I can not relate to any of what you go through, as I have literally been living on my own since I as 22. And I have always been the mistress of my home. I have only shared it for short periods of time and honestly can not imagine having a mother in law bossing me around. Heavens, I can not even take having my own parents telling me what to do when they visit, I get edgy immediately.;)

    I admire your strength to adapt, as you come from a very different culture and it must at times be odd for you. But then again, what an exciting life you lead!
    Wonderful post!


  5. Right now we are renting and it is hard because I can't feel like it's home and settle in. We have everything in storage and it is making me weary. Buying a place is difficult too. We don't know how long we are here.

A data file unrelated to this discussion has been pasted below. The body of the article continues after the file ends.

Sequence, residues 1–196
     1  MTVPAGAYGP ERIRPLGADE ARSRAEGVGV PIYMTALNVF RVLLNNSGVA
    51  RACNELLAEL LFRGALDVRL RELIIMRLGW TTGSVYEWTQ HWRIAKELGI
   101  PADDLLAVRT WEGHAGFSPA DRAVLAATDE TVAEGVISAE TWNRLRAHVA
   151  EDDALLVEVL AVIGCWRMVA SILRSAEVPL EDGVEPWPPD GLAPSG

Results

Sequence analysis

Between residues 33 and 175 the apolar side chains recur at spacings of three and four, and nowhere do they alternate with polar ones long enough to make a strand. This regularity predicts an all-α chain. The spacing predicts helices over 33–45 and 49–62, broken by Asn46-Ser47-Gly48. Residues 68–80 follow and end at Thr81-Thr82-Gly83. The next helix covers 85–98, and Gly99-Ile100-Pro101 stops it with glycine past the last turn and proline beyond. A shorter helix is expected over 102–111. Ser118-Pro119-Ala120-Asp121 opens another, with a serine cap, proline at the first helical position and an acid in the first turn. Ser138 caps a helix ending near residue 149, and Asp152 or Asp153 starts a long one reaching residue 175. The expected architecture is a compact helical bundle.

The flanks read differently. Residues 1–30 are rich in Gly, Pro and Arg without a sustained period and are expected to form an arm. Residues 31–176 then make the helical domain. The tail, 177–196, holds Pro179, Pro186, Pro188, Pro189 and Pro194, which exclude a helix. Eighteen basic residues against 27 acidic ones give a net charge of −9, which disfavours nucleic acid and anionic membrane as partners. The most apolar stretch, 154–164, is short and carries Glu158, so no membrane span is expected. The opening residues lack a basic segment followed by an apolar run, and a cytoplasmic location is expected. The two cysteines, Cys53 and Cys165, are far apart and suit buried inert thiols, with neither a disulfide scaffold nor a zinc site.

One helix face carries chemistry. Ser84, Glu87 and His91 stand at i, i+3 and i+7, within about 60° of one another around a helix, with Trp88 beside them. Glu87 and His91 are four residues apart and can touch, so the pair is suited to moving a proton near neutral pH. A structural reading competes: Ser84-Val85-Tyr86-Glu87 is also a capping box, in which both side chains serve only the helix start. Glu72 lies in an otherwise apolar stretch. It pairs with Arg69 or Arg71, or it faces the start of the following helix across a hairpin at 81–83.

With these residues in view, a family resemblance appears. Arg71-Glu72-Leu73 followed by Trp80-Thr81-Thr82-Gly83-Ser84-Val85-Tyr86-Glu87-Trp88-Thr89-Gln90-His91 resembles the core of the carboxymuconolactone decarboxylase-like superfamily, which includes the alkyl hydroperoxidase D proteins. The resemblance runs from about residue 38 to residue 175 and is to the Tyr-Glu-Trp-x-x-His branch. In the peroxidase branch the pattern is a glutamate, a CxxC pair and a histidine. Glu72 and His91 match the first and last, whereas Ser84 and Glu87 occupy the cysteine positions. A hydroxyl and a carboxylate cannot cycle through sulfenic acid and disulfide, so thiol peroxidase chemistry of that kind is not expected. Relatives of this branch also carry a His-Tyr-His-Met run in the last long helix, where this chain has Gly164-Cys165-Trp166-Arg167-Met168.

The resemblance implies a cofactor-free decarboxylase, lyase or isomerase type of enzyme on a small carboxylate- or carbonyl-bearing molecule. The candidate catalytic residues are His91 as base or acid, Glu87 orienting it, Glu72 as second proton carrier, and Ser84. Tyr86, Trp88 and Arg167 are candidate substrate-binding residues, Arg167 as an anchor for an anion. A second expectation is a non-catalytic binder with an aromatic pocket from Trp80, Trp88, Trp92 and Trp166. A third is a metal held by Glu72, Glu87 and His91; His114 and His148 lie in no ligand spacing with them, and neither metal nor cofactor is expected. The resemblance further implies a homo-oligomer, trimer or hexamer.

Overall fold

6. It must be hard. In Italy we're used to stay at home till we're very grown up. But when we have a boyfriend or a husband it's usually OUT of HOME! :-) Anyway... I've been out of home three times: when I worked in the UK, four years with my boyfriend and a year (I couldn't endure more without killing her) with a so-called-friend... but I can really understand... if I had a family I would love to have a "home". And I can also understand that you're missing your home... I would miss my mother too if I lived far away! You're amazing!

  7. You are obviously a very adaptable person.
    I had my son & DIL and 2 granddaughters live with us for 11 months and then DIL marched out one night because of some silly thing & has hardly been round since. So I think you are doing exceptionally well.

    Many thanks for your wonderful words of encouragement on my blog. I wish your mother many more years of good health.

    Nuts in May

  8. I think you do very well, mind you I would not manage to stay sane. I never knew my in-laws they were both dead before I met Jack.